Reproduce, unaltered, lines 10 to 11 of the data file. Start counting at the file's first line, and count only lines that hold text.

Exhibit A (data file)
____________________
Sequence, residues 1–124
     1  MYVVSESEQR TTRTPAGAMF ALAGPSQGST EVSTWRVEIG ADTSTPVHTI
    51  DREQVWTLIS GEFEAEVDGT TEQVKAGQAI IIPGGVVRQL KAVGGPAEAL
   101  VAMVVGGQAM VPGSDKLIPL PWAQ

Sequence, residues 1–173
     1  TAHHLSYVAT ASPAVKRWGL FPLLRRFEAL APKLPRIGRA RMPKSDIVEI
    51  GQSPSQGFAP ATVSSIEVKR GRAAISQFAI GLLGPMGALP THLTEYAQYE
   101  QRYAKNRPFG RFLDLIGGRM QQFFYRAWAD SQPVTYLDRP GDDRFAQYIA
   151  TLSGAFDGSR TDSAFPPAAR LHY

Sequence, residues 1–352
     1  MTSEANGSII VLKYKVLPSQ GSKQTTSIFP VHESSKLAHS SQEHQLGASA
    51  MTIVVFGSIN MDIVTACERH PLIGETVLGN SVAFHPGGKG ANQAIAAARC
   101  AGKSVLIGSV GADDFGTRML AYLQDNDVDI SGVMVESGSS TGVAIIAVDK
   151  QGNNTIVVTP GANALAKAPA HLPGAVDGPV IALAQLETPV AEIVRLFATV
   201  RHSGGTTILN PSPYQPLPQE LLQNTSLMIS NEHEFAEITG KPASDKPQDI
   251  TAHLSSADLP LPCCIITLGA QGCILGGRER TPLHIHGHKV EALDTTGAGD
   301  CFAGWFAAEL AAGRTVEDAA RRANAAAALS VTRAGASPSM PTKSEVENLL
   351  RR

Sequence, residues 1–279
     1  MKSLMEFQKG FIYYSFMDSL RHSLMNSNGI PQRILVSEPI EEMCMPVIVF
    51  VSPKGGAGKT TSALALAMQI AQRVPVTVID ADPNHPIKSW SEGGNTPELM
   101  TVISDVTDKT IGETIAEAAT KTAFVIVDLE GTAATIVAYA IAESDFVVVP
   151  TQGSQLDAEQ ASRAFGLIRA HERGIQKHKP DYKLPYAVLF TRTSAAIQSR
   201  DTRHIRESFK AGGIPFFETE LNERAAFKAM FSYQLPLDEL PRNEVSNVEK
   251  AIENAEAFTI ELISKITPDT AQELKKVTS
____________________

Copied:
Sequence, residues 1–352
     1  MTSEANGSII VLKYKVLPSQ GSKQTTSIFP VHESSKLAHS SQEHQLGASA